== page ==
I have spent the past several weeks preparing and boning up on natural gas issues in preparation to be a panelist at a meeting of our local Chamber of Commerce. It went well, was well moderated and we all got our licks in and I hope the audience derived some benefit. I fielded some interesting and penetrating questions both during and afterward. The basic assumptions of the economic community in our isolated high mountain valley remain intact despite my best efforts to sound the alarm, Paul Revere style.I have pointed out in numerous articles how tenuous our energy extravagant lifestyle here is in Wyoming and particularly in Jackson Hole. I have pointed out that Frac Gas is a bubble, that Wyoming has the highest per capita energy consumption of the 50 states, and that our economy has legs because of 500 million years of concentrated sunlight. We have burned through 50% of all the oil that has been drilled here in the US just since the late 80’s.That was the high grade ore , so to speak, conventional light sweet crude, most of which looks like Wesson Oil. Now we are into the dirty stuff from tar pits and sand mines and 4 miles under the Ocean. It’s there for the taking at much greater cost in declining net energy and environmental degradation. Ominously, Wall Street is in the act slicing and dicing and hyping and spinning the meme of energy independence in its latest bubble. The political dominated energy propaganda arms of the DOE, IEA and EIA along with the oil majors are keeping the American Dream alive with deceptive, unrealistic and unlikely predictions of future abundance. The fact that these predictions are from the mouths of the least reliable subset of hominids: …ECONOMISTS, seems to have escaped everyone’s notice. There are a few independent analysts I have cited in previous blogs as well as some percipient bloggers.http://karenlynnallen.blogspot.com/2013/02/the-end-of-age-of-oil-has-arrived.html#comment-form.
But in some ways, the oil and gas story is not the big story. It is a part of the big story which of course is The Rise and Fall of the American Empire. This is a subject I have covered repeatedly coming at it from different angles:ecological, economic, fiscal, sociopolitical and primarily from the foundation of the empire:Energy. I have studied other empires, why they rose and fell as far back as the Harappan and Indus Valley Empires to our present American Empire.It is an engrossing tale of discovery, of chance, of ambition and greed and invention, determination and cooperation of all the players.It happened because all the pieces were in place, the right place. At the right time. It took the energy of people, of animals and of slaves to build the foundation for this empire. But it was the Exajoules of a vast store of fossil energy that provided the afterburner that blew the United States past its European and Asian rivals.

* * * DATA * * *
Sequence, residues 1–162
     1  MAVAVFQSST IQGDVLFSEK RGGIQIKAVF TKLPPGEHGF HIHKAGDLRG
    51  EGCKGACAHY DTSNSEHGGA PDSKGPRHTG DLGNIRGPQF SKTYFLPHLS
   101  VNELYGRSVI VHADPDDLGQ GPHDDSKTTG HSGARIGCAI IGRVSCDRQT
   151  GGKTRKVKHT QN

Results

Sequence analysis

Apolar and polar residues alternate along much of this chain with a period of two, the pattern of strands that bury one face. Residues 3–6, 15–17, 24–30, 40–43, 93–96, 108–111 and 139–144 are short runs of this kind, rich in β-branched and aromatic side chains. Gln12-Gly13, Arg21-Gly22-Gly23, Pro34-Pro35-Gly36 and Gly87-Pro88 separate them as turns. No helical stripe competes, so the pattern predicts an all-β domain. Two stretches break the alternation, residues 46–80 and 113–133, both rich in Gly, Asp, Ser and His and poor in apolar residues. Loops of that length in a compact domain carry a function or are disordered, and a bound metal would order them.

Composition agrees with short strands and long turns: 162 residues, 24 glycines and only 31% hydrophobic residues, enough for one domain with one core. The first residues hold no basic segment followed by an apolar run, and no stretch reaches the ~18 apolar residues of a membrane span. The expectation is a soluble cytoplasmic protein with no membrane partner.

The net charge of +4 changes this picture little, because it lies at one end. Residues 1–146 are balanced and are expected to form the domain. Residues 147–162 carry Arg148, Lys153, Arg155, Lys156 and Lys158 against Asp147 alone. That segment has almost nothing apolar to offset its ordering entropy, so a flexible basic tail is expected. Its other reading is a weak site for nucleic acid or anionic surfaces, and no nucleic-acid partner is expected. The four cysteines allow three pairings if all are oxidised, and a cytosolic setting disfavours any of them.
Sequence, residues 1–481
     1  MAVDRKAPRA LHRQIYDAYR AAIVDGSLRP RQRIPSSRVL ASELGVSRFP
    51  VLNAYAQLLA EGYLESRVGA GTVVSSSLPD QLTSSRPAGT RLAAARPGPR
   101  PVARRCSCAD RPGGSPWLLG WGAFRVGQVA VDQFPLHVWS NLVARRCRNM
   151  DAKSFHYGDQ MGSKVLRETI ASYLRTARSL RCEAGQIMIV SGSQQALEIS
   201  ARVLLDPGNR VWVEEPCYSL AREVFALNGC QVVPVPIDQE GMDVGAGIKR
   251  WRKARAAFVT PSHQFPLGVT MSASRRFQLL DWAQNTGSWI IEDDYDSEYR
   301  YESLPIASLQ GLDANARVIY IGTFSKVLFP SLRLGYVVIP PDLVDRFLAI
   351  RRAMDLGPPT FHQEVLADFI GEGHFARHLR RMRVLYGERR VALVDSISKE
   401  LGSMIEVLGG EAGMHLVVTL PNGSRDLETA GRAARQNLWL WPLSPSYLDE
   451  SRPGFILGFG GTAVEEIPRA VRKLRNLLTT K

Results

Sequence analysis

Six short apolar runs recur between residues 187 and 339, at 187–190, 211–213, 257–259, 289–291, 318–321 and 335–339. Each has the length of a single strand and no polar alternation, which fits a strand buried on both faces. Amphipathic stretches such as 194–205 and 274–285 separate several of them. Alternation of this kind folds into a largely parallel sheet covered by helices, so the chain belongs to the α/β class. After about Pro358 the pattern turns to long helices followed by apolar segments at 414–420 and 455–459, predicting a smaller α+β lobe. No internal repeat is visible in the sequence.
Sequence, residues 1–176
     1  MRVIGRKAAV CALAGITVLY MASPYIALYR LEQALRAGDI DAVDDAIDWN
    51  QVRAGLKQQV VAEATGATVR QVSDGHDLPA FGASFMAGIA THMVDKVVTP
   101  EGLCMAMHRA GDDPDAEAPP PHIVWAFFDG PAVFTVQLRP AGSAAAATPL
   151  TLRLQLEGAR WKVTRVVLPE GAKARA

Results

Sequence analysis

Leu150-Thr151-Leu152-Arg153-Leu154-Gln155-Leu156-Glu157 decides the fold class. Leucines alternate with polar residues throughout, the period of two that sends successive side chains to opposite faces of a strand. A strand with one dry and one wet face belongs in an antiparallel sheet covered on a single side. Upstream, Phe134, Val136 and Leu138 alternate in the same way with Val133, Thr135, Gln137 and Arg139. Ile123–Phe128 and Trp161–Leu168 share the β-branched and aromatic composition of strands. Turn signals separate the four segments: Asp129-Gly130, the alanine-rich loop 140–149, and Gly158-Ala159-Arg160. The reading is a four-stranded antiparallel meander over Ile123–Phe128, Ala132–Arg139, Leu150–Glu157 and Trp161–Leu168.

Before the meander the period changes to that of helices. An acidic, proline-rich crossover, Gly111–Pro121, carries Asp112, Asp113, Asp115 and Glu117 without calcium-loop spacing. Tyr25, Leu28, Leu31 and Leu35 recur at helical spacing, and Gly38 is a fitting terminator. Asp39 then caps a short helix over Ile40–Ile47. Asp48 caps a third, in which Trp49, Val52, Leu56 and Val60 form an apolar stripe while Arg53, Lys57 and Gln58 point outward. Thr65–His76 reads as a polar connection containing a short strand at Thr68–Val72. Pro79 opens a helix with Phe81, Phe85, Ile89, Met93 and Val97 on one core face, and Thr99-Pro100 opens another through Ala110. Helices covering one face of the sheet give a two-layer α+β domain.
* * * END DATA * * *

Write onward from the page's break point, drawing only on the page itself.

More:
Absent this unexpected energy bonus enjoyed by America, there is every reason to believe that establishment of Empire was in our DNA. There were abundant resources, willing hands, and capital all converging on a new world, free for the taking.We were probably foreordained to become an empire but no empires last. Empire rise. Empires grow, and empires fall. It is the wherefore and the how , the anatomy and physiology of empires that I find fascinating. It is the physician in me that drives the desire to understand this civilization but unfortunately the study of empires, both healthy and ailing, has not been the sort of study that has yielded results with the same degree of certitude present in fields such as physics or biology. That is until now. But we may just have a new tool to study and dissect empires. Are there universal laws operating which explain the trajectory of empires?. There are qualitative assessments of empires rise and falls. But might there be quantitative factors that might explain the same? That will be the subject of the next blog on Cliodynamics.